The authors in this review analyze research involving aggressive behavior in rodents (mice and rats), nonhuman primates (Old World Monkeys and Chimpanzees) and humans and attempt to categorize the aggression as either adaptive to evolution or pathological. They divide adaptive aggression into two broad categories: competitive aggression, involving competition for resources, and protective aggression, involving the protection of the animal or its offspring from predators or potentially dangerous conspecifics. They question whether extreme cases of aggression, such as the deadly Chimpanzee “killing parties” and the “sexually selected infanticide” in primates and rodents would be considered pathological; while they remain inconclusive in regards to the Chimp killing parties, they believe the killing of infants to gain access to mates and/or resources is an adaptive form of aggression that selectively began as a form of competitive aggression. Through further reading in the article, “Lethal intergroup aggression leads to territorial expansion in wild chimpanzees” (Current Biology, Vol. 20 No. 12), I discovered that other researchers recently found that the killing parties are adaptive in the form of competitive aggression, as they lead to territorial and resource expansion and, therefore, greater reproductive success.
The authors are assuming, of course, that aggression, as a species-specific behavior, must have inherited characteristics in order to be shared by all members of the species. In their analysis of the aggression found in the social organization of rodents, the authors find that the dominant rat or mouse displays aggressive behavior that is highly adaptive since the territorial male has the access to reproduction. In both rats and mice, the dominant, more aggressive rodent dominates a group of breeding females, therefore having greater reproductive success compared to subordinate or non-territorial males. While, in mice, the subordinate males are kicked out of their territory by the aggressive, dominant mouse, at the age of puberty, rats form more complex dominant/subordinate hierarchical relationships that are maintained by aggressive behavior. The authors suggest that, based on studies measuring aggressive behavior and cerebrospinal fluid levels of the serotonin neurotransmitter metabolite 5-HIAA, that perhaps low levels of 5-HIAA correspond to an aggressive trait in rodents that is adaptive to evolution.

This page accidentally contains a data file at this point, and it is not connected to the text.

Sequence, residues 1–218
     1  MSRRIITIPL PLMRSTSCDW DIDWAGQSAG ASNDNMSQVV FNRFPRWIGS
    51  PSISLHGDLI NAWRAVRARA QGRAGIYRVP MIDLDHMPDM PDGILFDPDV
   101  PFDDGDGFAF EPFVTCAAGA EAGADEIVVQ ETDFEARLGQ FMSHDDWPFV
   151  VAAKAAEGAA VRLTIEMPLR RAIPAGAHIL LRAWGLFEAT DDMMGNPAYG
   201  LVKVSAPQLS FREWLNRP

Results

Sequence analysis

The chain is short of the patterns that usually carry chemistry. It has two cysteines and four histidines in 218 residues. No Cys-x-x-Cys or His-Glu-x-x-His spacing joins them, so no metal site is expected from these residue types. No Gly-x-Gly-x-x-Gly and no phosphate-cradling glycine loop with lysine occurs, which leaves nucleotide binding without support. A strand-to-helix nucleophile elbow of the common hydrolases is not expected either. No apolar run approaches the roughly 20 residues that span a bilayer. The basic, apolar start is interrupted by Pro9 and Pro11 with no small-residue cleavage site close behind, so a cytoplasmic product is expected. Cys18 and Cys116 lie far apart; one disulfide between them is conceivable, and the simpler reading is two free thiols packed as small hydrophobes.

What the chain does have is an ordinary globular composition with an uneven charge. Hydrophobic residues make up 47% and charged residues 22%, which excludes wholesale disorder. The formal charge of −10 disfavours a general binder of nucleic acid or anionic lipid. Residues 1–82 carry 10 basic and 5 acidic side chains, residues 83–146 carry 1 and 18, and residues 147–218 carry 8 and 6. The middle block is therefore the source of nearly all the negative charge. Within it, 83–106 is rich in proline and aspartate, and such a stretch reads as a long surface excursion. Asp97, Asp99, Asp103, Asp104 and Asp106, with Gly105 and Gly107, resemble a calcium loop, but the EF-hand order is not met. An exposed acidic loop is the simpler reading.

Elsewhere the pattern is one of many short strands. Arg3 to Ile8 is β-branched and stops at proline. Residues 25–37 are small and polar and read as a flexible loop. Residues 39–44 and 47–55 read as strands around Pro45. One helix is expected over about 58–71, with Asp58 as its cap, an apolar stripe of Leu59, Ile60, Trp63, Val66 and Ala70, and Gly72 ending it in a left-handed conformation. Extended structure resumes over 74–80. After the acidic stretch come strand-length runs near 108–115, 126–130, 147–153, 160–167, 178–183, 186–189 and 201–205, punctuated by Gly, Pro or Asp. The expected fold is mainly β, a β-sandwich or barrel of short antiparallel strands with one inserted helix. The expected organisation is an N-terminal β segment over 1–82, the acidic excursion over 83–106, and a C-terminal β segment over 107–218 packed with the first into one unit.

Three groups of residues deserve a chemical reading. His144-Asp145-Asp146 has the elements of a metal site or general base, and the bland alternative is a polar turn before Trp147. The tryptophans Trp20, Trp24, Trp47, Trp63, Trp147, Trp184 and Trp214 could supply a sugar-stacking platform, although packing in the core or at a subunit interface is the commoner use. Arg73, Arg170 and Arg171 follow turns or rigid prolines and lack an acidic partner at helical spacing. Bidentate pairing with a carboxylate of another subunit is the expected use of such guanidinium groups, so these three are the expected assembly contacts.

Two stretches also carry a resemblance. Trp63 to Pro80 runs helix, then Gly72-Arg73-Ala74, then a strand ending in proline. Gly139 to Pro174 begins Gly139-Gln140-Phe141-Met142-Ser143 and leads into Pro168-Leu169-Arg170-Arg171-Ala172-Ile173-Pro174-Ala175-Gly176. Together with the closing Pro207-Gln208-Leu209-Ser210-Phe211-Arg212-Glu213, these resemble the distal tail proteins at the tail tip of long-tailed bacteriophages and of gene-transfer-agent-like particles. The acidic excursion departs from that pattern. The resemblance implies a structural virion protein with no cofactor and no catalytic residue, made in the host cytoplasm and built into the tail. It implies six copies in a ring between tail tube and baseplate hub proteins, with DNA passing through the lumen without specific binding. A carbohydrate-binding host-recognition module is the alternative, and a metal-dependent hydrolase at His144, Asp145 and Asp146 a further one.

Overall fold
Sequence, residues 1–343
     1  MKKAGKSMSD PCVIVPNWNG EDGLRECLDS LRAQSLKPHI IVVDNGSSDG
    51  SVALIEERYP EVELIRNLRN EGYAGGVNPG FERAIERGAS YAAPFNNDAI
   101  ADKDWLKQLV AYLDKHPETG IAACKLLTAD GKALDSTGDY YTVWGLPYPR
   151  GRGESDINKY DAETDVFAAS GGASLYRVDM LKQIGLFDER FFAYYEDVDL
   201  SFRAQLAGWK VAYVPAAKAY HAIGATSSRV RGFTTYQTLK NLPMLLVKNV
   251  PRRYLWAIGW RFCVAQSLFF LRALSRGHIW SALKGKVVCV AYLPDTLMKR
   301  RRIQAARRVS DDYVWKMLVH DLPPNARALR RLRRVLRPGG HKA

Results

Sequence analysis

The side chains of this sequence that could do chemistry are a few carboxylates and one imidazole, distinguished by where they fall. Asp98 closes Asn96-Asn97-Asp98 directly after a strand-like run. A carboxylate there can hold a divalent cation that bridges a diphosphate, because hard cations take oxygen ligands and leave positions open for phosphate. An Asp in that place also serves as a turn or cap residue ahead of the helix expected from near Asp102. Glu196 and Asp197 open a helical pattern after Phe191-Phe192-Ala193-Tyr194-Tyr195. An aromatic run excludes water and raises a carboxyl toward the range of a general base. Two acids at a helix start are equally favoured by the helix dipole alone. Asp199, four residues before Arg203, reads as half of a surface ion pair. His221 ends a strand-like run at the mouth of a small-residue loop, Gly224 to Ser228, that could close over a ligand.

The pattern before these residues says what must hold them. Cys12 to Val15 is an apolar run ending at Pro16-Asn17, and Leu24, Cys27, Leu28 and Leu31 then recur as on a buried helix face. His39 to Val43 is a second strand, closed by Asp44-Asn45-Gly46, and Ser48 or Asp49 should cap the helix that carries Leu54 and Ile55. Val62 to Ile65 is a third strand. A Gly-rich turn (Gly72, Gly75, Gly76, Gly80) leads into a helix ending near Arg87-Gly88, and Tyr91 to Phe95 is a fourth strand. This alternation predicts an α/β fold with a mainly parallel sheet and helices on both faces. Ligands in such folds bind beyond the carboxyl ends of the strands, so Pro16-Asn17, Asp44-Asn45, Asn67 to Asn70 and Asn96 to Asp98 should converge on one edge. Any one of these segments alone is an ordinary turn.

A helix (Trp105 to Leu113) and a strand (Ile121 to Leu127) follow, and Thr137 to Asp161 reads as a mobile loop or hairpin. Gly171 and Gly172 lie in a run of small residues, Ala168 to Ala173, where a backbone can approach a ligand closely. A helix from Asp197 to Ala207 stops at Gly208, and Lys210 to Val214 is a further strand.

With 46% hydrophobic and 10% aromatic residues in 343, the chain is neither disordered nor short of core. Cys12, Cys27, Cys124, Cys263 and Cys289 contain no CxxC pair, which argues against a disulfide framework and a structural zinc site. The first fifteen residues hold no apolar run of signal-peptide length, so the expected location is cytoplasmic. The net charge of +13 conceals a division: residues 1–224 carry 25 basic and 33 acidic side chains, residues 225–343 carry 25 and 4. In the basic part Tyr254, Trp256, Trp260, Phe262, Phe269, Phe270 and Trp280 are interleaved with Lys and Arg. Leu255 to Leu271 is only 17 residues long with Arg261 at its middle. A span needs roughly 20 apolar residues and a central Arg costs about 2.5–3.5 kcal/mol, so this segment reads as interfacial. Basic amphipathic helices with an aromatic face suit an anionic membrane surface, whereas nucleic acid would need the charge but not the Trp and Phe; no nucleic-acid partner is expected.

The social organization and use of aggression in Old World monkeys are much different than those of rodents; rhesus monkeys, for example, live in large social groups called “troops” which are headed by three or more generations of females with immigrant adult males. Aggression is a small portion of a monkey’s total daily activity (2-5%) and is usually at its highest levels when monkeys attempt to attain a higher social status: male monkeys emigrate from their natal group at the time of puberty, and both males and females aggressively attempt to prevent the emigrating monkey from entering their group (30 to 50% of emigrating monkeys are killed off or disappear). Competitive aggression can also become quite intense between groups when territory and resources need to be defended. The authors view the aggression that is correlated with low levels of 5-HIAA as maladaptive to evolution since it is related to those forms that are at excessive levels and are injurious and persistent. Similarly, in human studies, low CSF 5-HIAA levels are seen to be correlated to forms of aggression involving impaired impulse control, which are also excessive and lead to negative social consequences. Therefore, based on these studies, the authors suggest that in humans and nonhuman primates, low levels of 5-HIAA in the CSF may correlate to an impulsivity trait that is maladaptive to evolution. The impulsivity and excessive, injurious aggression are predicted to be maladaptive since they will lead to social isolation from the other group members and few opportunities to reproduce successfully.
The authors also discuss how genetic polymorphisms can be influenced by environmental factors, such as early life experiences, resulting in various aggression phenotypes. For instance, the polymorphism that results in low monoamine oxidase A activity is influenced by early life experiences, or “rearing” experiences, of the rhesus macaque. (Monoamine oxidase A degrades and inactivates serotonin and other neurotransmitters, so in MAO-A knockout mice, in which the MAO-A gene is not expressed, serotonin levels are increased. Despite this serotonin level increase in MAO-A mice, they exhibit increased aggression. In other words: low MAO-A activity equals increased aggression.) Rhesus monkeys who were normally reared by the mother showed higher levels of aggression when in competition for food only when they carried the low-activity MAO-A allele. Rhesus monkeys with the high-activity MAO-A allele and impoverished infancy showed species-typical levels of competitive aggression. Therefore, even when negative environmental factors come into play, high MAO-A activity results in a species-typical phenotype, showing the complex environment between genes and the environment.